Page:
This site is intended for health professionals only


Covid vaccines may work better than thought against variants, say researchers


flu vaccination programme


Vaccines may be more effective against Covid variants than previously thought, research suggests.

Researchers from the University of Oxford found that antibodies from natural infection and existing vaccines are able to neutralise Brazilian and South African variants albeit at lower levels than the strain circulating at the start of the pandemic.

Their work, so far published as a pre-print, suggests that the ability of the P1 ‘Brazilian’ strain to resist immunity from current vaccines may not be as bad as had been feared.

Study leader Professor Gavin Screaton said the results extend researchers understanding of the role of changes in the spike protein in evading the immune response for the South African, Brazilian and Kent variants.

The team looked at neutralisation of the strains using blood samples from people with natural antibodies after Covid-19 infection and from those with antibodies as a result of vaccination with Oxford-AstraZeneca and Pfizer-BioNTech vaccines.

They found a nearly three-fold reduction in the level of virus neutralisation by the antibodies generated by the vaccines for the Kent and Brazilian variants compared with the original strain, and a 9-fold (AstraZeneca) and 7.6-fold (Pfizer) reduction against the South African strain.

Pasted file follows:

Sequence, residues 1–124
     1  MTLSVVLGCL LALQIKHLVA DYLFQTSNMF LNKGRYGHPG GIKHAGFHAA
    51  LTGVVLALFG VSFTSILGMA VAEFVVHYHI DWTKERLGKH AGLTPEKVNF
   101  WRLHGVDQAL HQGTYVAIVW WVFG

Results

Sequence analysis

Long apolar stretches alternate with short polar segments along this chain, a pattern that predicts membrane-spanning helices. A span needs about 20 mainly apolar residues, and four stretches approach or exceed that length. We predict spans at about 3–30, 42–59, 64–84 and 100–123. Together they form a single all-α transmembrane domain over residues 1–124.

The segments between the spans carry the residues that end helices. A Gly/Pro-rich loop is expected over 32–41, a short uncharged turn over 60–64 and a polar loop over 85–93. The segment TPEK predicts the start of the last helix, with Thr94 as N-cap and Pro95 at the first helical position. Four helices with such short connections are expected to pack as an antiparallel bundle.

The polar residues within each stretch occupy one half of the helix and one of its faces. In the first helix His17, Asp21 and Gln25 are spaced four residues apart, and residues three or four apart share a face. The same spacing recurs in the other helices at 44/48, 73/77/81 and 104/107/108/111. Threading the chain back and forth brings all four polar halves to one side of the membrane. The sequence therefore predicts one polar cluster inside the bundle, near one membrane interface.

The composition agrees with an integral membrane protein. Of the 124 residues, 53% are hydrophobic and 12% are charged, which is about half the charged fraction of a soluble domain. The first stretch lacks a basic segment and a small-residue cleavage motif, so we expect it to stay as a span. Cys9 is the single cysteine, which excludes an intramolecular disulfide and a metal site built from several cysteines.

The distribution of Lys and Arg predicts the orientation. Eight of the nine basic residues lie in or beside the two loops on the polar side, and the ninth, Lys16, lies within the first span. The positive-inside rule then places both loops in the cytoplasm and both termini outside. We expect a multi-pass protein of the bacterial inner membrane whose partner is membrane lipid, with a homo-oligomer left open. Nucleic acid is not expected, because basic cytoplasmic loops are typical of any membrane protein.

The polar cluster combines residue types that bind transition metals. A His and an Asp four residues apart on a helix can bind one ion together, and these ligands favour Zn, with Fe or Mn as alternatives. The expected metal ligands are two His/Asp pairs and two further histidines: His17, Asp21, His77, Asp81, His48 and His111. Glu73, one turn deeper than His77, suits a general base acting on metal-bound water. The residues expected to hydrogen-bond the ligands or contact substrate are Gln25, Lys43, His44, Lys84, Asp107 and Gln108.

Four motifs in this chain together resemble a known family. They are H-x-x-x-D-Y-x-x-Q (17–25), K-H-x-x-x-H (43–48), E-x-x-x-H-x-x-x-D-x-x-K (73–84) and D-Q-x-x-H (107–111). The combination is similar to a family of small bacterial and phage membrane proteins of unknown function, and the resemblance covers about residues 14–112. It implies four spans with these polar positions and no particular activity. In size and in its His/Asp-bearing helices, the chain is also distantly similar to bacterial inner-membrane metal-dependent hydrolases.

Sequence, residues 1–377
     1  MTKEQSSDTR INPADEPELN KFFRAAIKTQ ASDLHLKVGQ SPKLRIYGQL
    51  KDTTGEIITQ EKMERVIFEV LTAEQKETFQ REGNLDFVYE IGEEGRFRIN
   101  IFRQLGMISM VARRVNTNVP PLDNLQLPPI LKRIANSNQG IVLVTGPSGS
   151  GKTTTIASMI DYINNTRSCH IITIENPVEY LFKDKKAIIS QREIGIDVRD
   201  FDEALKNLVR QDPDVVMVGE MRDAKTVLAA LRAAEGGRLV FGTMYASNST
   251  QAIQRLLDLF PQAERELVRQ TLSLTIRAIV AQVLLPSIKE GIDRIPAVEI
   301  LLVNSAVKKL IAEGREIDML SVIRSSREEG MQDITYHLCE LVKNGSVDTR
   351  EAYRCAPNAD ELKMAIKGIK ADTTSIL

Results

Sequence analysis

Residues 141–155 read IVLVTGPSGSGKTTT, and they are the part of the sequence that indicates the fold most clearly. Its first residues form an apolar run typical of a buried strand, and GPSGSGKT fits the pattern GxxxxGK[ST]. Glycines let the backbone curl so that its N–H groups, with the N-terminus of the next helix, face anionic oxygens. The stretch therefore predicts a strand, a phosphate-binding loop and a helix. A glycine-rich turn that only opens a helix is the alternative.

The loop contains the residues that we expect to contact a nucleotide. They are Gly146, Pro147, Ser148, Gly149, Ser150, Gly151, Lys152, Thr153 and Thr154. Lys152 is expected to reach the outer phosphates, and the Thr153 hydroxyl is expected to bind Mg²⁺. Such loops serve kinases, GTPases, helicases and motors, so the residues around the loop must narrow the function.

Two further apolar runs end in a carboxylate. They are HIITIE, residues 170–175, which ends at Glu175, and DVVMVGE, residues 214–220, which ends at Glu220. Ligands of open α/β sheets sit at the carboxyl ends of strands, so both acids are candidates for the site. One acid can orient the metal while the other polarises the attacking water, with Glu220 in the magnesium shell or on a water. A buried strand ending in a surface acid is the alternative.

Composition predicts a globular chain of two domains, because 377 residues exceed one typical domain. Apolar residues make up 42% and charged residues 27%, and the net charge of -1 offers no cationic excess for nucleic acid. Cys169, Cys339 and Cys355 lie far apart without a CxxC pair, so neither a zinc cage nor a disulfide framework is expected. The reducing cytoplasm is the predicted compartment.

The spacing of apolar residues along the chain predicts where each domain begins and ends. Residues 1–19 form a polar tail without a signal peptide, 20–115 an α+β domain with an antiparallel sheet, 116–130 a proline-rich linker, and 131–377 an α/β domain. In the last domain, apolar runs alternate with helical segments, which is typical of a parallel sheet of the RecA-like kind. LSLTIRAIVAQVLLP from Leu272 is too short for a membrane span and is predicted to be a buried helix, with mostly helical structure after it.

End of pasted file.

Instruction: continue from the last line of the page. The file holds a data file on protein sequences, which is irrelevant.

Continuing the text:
Other research has shown lower protection of the Oxford-Astra Zeneca vaccine with the South African variant and the team concluded that focus of vaccine developers should be on the South African strain as they consider potential modifications.

They believe that the drop in vaccine efficacy against mild to moderate disease with the South African variant probably reflects mutations occurring outside the receptor binding domain.  

Professor Andrew Pollard, chief investigator on the Oxford University vaccine trial, said: ‘These further efforts to investigate the relationship between changes in the virus and human immunity provide new insights that help us be prepared to respond to further challenges to our health from the pandemic virus, if we need to do so.’

Almost half of UK adults have now had a Covid-19 vaccine, figures show. It comes alongside news of tighter vaccine supply over the next month but reassurances from the health secretary that people would have their second doses.

Latest data from the Office for National Statistics shows that 94% of people say they have had or would be willing to have a Covid-19 vaccine. The figures do differ with age with 87% of those aged 16 to 29 years saying they are likely to take up the offer.

The most recent ONS figures also show that infections, hospital admissions and deaths involving Covid-19 continued to decrease in England and a third of people now have antibodies against the virus.  

But the latest data on infections does show a bit of a mixed picture, the ONS said with a slowing in the rate of decline for some and and uncertain trend in other areas and early signs of an increase in the East Midlands.  

In Scotland, the percentage of people testing positive appears to have increased in the most recent weekly data.